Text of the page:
Carnation Revolution Volume 1: The Road to the Coup that Changed Portugal, 1974

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Review Author(s)
Book Author(s)
Book Author(s): José Augusto Matos and Zelia Oliveira
Illustrators: Paulo Alegria, David Bocquelet, Luca Canossa, Tom Cooper, and Anderson Subtil
Company: Helion & Company - Website: Visit Site
Provided by: Casemate Publishers - Website: Visit Site
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This is the second book about Portuguese forces that I have read, authored by José Augusto Matos (he co-authored Sanctuary Lost, Portugal’s Air War for Guinea 1961-1974, Volume 1, with Matthew M. Hurley). Having read both books, I now better understand the author’s style and attention to detail. This is Zelia Oliveira’s first book in the series. As the title states, this book is the road to the Portuguese Coup of 1974 and covers primarily the period from 1961 to 12 March 1974 in amazing detail (there are ten pages of sources, bibliography, and notes).

This is comprehensive book really focuses on the key figures in the Carnation Revolution, with ancillary information on the Portuguese Ultramar(overseas empire), primarily its colonies of Guinea, Angola, and Mozambique. The colonies are noted and referenced to put the coup d’etat in perspective as Portugal stood at the crossroads in history. While the causal reader might find the book tedious, there is a lot of backed up facts that explain the desperate situation Portugal faced in the early 1970s as African colonies gained independence, often using Soviet and Warsaw Pact aid, set among the other conflicts of the time, including the 1973 Yom Kippur War.

The Carnation Revolution occurred on 25 April 1974 and was centered around military captains against the authoritarian Estado Novo (New State) government established in 1933. The catalyst for the revolution was the declining prestige of Portugal, its military fighting unpopular wars in its African colonies (it had already lost their three colonies in India in the early 1960s), its economy, and other factors.The almost bloodless revolution got its name from the citizens taking to the street to celebrate the end of the dictatorship by placing carnations in soldiers’ weapons and their uniforms. A big catalyst for this revolution was the publication of the book “Portugal E O Futuro” (Portugal and the Future) by the General António de Spínola in February 1974, which outlined the unpopular colonial wars were not military winnable, and that a political solution was required.The fact that General Spínola’s book was published at all is a mystery well documented in this book; this book really is the history of the that seminal book, its author, and the outcome to be described in the next volume.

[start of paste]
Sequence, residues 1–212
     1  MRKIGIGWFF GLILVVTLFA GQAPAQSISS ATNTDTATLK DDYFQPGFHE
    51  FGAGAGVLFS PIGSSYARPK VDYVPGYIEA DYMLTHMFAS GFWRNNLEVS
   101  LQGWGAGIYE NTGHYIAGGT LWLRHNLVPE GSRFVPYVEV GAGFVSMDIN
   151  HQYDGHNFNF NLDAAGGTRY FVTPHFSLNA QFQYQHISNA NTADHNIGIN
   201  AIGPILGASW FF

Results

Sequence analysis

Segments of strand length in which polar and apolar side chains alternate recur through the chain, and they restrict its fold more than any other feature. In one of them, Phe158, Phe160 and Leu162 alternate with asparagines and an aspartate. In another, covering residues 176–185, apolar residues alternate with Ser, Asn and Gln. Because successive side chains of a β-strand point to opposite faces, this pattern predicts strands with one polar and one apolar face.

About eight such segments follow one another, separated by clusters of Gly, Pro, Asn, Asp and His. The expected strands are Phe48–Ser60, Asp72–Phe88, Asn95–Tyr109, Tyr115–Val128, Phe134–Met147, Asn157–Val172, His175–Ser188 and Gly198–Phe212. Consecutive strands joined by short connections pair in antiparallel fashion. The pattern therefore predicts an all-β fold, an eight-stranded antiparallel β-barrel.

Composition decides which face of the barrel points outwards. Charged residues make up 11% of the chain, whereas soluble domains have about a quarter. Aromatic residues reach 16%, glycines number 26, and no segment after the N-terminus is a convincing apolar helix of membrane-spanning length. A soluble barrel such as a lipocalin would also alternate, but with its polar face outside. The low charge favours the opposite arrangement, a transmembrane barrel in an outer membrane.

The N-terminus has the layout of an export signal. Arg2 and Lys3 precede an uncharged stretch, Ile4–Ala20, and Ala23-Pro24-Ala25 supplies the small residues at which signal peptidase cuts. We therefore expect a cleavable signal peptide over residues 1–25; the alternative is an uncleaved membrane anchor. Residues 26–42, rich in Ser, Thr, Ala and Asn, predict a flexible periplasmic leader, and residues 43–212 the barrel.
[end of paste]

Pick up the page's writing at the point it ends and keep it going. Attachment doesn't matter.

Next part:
The book is complete with extensive photographs, technical details and specifications, and detailed illustrations, composing the following ten chapters:

  • Abbreviations
  • Preface
  • Introduction
  • Chapter 1 – Portugal and the Future
  • Chapter 2 – Tortuous paths
  • Chapter 3 – The situation in the colonies
  • Chapter 4 – The birth of the MFA
  • Sources and bibliography
  • Notes
  • About the Authors

As mentioned earlier, this book covers the Road to the Coup and ends abruptly on 12 March 1974. Volume 2 – April Surprise, 1974 is scheduled to be released in March, so we will have to wait until then to see if there will be a Volume 3. For the casual reader, this series could probably have been truncated to one volume. For those who crave more detail, then this series will work for you.

Modelers will appreciate the few black and white photographs of troops in the field and armaments, but most of the photographs are of the key players. The color profile section is great for aircraft modelers with Portuguese Air Force (Força Aérea Portuguesa-FAP) Allouette III helicopters, Dornier Do-27, Lockheed P2V-5 Neptune, Fiat G.91s; Rhodesian Air Force (RhAF) Aermacchi AL-60B-2 light utility aircraft, Percival Provost T.52, Hunter FGA.9; South African Air Force (SAAF) MB-326 Impala Mk I, English Electric Canberra B(I), and Mirage IIICZ. Armor modelers have olive drab (prevalent at the time in most militaries) profiles of the Hugh MIM-23 HAWK (Homing All the Way Killer), R.440 Crotale SAM (Surface to Air Missile), and BRDM as used by the PIAGC (Partido Africano para a Independência da Guiné e Cabo Verde - African Party for the Independence of Guinea and Cape Verde) forces. Figure modelers have Portuguese and African (terrorist or freedom fighters, depending on the view) forces in black and white photos and color profiles.

While not an easy book to digest, it is a detailed English language text on this pivotal moment in Portugal’s history and its place in NATO and the European Community deserves attention to better understand our current world.

Profuse thanks to Casemate and IPMS/USA for providing the review sample.


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